Transportation Law Update: Federal District Court Enjoins California Statute Regarding Independent Contractors
In what has become a closely watched battle in the transportation industry, on December 31, 2019, the United States District Court for the Southern District of California held that a temporary restraining order was warranted in California Trucking Ass’n v. Becerra, pending the Court’s resolution of Plaintiff’s motion for preliminary injunction.
On December 24, 2019, Plaintiff, California Trucking Association, filed a motion for temporary restraining order seeking to enjoin Defendants from enforcing Assembly Bill 5 (“AB-5”) to motor carriers operating in California. AB-5, which took effect on January 1, 2020, provides that individuals driving or hauling freight on behalf of a motor carrier are presumed employees unless the motor carrier can establish that, among other things, the individual performs work that is outside the usual course of the motor carrier’s business.
In support of their motion for temporary restraining order, the Plaintiff’s argue AB-5 is preempted by the Federal Aviation Administration Authorization Act (“FAAAA”) of 1994. The Court found a temporary restraining order was warranted because AB-5 is likely preempted by the FAAAA, and, absent an order from the Court, the Plaintiff’s would likely suffer irreparable harm. In support of its order, the Court noted that, because AB-5 “effectively mandates that motor carriers treat owner-operators as employees, rather than as the independent contractors that they are,” the regulation is likely preempted by the FAAAA’s prohibition on states enacting laws related to “a price, route, or service of any motor carrier . . . with respect to the transportation of property.” Further, the Court noted that the Plaintiffs would have to undertake significant steps to transform their operations to treat drivers as employees in compliance with AB-5. Without taking proper steps, Plaintiffs could be subject to governmental enforcement actions as well as criminal and civil penalties. Thus, the Court granted a temporary restraining order on the enforcement of AB-5.
On January 13, 2020, the Court heard argument on the much-anticipated motion for preliminary injunction. The Court first addressed Intervenor-Defendant, International Brotherhood of Teamsters argument that Plaintiffs lacked Article II standing. The Court disagreed with all three grounds brought by the Intervenor-Defendant on this issue. The Court noted, as it did in the temporary restraining order, that Plaintiffs would suffer imminent injury if Defendants were not enjoined from enforcing AB-5. The Court also noted Plaintiffs were not required to prove, at this preliminary stage of litigation, that some its members would actually be affected by AB-5, rather, the Court held it sufficient that Plaintiffs established many of its members contract with independent contractor drivers and would likely be affected. Thus, the Court held Plaintiffs had standing to bring forth their claims.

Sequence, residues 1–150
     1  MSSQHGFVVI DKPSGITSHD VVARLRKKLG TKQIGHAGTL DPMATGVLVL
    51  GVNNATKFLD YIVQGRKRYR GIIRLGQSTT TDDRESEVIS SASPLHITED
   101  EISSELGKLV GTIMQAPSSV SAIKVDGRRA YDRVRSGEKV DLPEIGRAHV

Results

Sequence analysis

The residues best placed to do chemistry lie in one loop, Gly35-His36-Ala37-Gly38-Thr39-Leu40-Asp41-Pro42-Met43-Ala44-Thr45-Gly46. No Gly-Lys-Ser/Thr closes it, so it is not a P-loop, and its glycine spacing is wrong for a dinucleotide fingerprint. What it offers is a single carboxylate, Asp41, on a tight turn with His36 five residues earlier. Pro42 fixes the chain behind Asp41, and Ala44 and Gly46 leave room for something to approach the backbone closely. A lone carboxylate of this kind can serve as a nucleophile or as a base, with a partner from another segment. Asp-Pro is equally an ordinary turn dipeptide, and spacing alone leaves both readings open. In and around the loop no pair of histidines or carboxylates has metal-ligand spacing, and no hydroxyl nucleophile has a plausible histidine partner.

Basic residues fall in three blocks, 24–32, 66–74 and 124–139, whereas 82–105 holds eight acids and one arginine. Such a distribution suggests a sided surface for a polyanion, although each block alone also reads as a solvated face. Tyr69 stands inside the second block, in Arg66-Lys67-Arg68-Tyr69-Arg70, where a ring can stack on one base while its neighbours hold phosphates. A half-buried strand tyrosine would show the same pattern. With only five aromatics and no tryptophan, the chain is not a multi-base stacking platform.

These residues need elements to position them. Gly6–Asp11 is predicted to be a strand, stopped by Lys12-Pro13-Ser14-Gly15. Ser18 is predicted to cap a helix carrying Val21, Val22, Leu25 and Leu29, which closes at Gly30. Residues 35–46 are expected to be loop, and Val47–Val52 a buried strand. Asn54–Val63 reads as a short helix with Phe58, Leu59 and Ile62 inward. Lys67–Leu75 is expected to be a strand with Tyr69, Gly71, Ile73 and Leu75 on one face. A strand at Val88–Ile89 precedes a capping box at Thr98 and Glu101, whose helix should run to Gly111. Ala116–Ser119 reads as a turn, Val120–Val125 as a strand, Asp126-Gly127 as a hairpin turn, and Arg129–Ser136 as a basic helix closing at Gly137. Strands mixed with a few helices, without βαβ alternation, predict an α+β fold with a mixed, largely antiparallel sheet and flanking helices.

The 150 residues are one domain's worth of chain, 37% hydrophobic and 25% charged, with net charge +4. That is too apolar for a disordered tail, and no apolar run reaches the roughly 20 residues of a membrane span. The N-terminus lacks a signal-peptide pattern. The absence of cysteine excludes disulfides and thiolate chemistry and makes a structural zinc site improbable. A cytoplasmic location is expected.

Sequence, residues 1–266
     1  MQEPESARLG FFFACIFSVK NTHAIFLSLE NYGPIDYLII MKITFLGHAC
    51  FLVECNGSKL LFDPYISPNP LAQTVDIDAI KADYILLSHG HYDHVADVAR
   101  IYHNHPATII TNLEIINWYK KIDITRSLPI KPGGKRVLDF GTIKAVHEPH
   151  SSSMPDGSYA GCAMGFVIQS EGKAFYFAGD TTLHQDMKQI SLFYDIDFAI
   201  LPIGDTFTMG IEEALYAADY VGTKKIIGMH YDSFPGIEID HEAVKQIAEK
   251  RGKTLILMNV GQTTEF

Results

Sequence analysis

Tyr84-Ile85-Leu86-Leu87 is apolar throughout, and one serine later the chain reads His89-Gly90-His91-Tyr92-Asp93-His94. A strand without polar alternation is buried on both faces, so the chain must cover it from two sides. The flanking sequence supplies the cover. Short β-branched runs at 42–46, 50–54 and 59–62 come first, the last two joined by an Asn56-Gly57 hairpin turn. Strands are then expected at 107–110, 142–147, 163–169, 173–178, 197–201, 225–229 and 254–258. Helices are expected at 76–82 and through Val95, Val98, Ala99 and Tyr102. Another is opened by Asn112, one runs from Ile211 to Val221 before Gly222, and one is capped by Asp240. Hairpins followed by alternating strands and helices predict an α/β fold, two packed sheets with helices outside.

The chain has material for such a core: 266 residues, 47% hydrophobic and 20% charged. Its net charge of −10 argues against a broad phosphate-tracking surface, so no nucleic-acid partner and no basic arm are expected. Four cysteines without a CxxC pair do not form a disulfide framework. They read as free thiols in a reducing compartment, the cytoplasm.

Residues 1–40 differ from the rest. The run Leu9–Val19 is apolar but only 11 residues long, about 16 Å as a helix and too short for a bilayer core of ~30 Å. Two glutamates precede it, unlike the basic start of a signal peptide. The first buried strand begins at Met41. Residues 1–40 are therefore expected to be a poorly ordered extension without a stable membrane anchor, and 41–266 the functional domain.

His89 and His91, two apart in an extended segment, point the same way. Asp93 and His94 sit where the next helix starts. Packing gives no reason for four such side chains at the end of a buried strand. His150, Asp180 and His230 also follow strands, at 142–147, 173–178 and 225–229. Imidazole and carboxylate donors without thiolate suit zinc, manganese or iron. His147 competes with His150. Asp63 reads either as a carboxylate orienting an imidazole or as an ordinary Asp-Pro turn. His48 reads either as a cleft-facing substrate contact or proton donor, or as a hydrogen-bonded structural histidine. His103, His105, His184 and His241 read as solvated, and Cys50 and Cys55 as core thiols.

The Court then turned to the preliminary injunction, noting that an injunction is warranted where Plaintiffs establish: 1) they are likely to succeed on the merits; 2) they are likely to suffer irreparable harm in the absence of preliminary relief; 3) the balance of equities tips in their favor; and 4) an injunction is in the public interest. As to the first element, the Court held that, while AB-5 is a matter of first impression in the Ninth Circuit, the “[Circuit’s] jurisprudence touching on the issue strongly suggests preemption.” Based on jurisprudence in both the Ninth Circuit and the First Circuit, the Court held Plaintiffs had carried their burden of showing a likelihood of success on the merits.
As to the second element, the Court again found that Plaintiffs met their burden in proving that irreparable harm was likely based on the significant cost and burden of treating their independent-contractor drivers as employees to comply with AB-5. The Court once again noted the risk of governmental enforcement actions, as well as criminal and civil penalties if the Plaintiffs failed to comply.
The Court analyzed the last two elements together, noting that while “Defendants have legitimate concerns about preventing the misclassification of workers as independent contractors,” the hardships faced by the Plaintiffs “significantly outweigh those faced by Defendants.” Similarly, the Court found that “public interest tips sharply in Plaintiffs’ favor.” The Court noted that there are still numerous laws and regulations in place to protect the classification of workers.
The Court ultimately granted the Plaintiff’s request for injunction on January 16, 2020. The injunction will remain in place through the trial.
Contact John F. Fatino for more information about trucking and transportation matters at 515-288-6041. Anna E. Mallen, associate attorney, assisted in the preparation of these materials.